McLaren says any inspiration it has taken from Red Bull's Formula One car to shape its latest upgrade package only tells part of the story about its step forward in performance at the last two races.
After a disappointing start to the year, McLaren appeared to make step forward at last weekend's Austrian Grand Prix when it introduced a significant upgrade to Lando Norris' car.
That upgrade is now on both cars at the British Grand Prix, and Norris and teammate Oscar Piastri benefitted from the improved performance to qualify second and third for Sunday's race.
After Saturday's session, Lewis Hamilton, who qualified seventh, pointed out similarities between McLaren's upgraded bodywork and the championship-leading Red Bull.
While team principal Andrea Stella said McLaren's design office had taken inspiration from Red Bull, he stressed that it was not as simple as just copying the fastest car.
"Every team takes inspiration from any other team," Stella said. "Teams are equipped to try and absorb IP from looking at the photos, from looking at the cars on display [in the pit lane] on Friday.
"So you do take inspiration from the other cars, but taking inspiration or even looking at the photo doesn't mean that you copy the geometry, you don't install it in your CFD run it in the computer simulation or in the wind tunnel, and the car lights up in terms of downforce.
"Normally what happens is the performance goes down, because your car is already optimised around what you have done up until that point. Somehow, the key element is understanding that some concepts have more potential that will allow you to develop faster and for longer.
"And here is where you need to have the right people at the right place. And I think I would like to mention one name here. Peter Prodromou is leading the aerodynamic development at McLaren and is doing an exceptional job in terms of setting the conceptual direction but also having organised and having inspired the entire aerodynamic group so really well done to Peter."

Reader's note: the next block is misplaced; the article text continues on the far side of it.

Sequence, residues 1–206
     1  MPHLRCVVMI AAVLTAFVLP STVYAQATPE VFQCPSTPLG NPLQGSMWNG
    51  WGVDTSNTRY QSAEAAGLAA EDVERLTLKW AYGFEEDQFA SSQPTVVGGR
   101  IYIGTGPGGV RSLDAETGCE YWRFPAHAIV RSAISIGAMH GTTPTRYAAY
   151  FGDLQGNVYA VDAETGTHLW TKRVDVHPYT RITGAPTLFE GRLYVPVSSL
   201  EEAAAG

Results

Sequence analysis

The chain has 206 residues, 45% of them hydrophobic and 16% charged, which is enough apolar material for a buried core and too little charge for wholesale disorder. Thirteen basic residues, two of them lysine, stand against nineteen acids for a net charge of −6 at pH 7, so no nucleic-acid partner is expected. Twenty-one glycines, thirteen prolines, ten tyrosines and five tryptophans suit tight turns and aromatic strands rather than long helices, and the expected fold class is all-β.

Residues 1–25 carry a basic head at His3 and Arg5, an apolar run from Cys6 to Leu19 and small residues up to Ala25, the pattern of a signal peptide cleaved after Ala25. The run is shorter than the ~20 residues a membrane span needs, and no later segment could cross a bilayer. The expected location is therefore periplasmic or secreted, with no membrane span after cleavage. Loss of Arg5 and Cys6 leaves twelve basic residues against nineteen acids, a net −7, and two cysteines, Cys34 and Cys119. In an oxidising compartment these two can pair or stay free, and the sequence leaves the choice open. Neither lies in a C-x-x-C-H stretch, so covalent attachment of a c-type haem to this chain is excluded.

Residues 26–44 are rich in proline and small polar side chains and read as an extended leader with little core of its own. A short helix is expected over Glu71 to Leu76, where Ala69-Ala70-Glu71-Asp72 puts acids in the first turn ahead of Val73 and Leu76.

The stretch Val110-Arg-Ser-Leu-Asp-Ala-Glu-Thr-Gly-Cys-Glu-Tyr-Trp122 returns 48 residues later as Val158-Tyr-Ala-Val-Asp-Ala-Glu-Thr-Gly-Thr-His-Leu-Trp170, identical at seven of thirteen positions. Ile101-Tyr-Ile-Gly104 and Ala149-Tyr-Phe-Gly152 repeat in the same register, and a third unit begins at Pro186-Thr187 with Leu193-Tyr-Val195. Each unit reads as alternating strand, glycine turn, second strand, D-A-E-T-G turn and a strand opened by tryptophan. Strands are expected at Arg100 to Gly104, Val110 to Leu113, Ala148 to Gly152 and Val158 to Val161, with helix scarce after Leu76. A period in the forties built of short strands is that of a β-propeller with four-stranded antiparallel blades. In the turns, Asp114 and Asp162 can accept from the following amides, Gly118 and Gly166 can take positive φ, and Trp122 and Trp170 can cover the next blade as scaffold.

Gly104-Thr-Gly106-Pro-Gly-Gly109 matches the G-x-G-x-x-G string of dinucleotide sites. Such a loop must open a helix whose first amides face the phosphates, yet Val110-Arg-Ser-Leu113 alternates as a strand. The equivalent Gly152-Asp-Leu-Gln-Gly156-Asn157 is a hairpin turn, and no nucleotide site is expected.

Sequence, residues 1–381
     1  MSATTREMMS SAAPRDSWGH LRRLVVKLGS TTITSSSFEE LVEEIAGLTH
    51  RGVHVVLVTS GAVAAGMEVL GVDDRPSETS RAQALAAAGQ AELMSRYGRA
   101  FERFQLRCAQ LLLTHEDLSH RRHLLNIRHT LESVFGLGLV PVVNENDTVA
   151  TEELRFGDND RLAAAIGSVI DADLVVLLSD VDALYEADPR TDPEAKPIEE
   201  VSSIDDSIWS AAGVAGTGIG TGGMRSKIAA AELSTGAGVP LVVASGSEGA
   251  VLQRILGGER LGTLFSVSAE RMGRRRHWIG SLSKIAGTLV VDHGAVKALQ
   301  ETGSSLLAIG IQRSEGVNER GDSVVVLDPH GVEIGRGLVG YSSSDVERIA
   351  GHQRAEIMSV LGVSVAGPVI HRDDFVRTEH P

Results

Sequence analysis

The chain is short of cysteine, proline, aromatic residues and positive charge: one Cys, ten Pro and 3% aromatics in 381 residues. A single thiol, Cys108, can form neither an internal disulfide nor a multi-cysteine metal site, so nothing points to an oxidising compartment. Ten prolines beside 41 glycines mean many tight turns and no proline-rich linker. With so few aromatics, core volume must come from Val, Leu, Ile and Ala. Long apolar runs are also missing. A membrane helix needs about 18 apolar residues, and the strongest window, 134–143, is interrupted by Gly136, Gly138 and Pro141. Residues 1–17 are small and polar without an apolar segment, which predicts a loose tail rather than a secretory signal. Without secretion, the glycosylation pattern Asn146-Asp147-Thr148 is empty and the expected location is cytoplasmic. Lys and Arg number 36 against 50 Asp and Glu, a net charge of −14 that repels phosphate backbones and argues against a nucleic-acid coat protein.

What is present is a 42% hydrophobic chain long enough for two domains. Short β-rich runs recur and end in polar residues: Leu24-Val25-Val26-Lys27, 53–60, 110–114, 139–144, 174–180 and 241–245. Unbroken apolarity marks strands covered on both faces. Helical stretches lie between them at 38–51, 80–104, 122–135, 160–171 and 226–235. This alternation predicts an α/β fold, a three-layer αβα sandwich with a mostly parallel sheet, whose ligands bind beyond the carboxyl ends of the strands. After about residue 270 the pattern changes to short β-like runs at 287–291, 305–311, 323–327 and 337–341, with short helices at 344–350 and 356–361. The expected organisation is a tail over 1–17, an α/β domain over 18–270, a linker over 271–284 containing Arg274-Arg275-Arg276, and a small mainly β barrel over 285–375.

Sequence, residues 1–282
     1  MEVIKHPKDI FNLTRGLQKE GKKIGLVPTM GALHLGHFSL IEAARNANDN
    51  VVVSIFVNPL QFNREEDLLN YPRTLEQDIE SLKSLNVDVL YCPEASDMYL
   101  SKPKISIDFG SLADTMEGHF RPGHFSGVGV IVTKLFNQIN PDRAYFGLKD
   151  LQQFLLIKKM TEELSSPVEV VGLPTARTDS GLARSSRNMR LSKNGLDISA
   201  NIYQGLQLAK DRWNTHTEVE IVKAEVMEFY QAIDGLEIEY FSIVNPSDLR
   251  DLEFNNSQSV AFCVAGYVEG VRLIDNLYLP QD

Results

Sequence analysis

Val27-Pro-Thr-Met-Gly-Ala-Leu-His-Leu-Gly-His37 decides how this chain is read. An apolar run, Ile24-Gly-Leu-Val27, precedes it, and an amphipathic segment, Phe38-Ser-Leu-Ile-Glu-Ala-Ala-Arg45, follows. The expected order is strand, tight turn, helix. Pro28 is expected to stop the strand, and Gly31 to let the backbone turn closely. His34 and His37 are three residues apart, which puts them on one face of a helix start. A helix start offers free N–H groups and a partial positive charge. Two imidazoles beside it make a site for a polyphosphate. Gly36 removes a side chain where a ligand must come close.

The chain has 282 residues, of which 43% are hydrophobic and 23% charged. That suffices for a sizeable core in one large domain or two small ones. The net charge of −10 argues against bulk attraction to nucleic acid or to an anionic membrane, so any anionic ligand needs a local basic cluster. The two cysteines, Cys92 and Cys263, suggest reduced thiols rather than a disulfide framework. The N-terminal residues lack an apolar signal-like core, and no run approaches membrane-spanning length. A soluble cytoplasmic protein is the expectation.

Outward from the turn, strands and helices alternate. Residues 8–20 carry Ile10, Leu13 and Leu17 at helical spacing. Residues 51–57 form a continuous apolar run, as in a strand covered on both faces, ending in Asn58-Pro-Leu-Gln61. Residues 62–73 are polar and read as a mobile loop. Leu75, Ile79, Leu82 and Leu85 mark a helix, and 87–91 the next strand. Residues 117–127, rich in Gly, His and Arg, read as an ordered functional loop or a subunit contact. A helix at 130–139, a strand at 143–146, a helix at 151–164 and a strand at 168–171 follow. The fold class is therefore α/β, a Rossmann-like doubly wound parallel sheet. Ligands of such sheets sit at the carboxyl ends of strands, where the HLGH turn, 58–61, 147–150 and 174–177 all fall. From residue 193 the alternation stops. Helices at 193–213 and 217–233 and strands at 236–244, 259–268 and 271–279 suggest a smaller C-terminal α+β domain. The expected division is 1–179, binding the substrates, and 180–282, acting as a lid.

Stella said the opportunity to view the underside of Sergio Perez's Red Bull when the Mexican's car was lifted off the circuit by a crane at Monaco had shown McLaren that there was still potential for further development of its own floor.
"The reality is that when you look, for instance, at the floor of Red Bull in Monaco, you'll see that there's another step," he said. "So there's, again, even in this area we work to do.
"The good thing is that the aerodynamic department and in general, the engineers at McLaren have kind of accelerated this development. And now we are finding directions and we are finding performance quicker, than we were in condition to do before."
Asked how much the photos of the Red Bull in Monaco had influenced the latest upgrades, Stella added: "I'm sure all teams got inspiration from looking at the Red Bull car, like they get inspiration from all the photos that all teams get off any other car.
"Pretty much all teams have, they have professional photographers that take as much opportunity as possible. And this is inspiration, you know.
"But I would detract off our aerodynamic department if I said, 'oh, yeah, we saw that and now we have the solution'.
"You see that and you get some maybe-you-can-do-this, but then you have to do your own job and your own iteration, otherwise you don't get to something that actually works."